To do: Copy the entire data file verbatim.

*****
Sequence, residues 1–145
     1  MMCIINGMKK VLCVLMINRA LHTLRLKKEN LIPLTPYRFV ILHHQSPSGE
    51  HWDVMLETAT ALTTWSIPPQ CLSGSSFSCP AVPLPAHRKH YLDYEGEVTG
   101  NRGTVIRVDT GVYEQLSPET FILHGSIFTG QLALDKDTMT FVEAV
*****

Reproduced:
Sequence, residues 1–145
     1  MMCIINGMKK VLCVLMINRA LHTLRLKKEN LIPLTPYRFV ILHHQSPSGE
    51  HWDVMLETAT ALTTWSIPPQ CLSGSSFSCP AVPLPAHRKH YLDYEGEVTG
   101  NRGTVIRVDT GVYEQLSPET FILHGSIFTG QLALDKDTMT FVEAV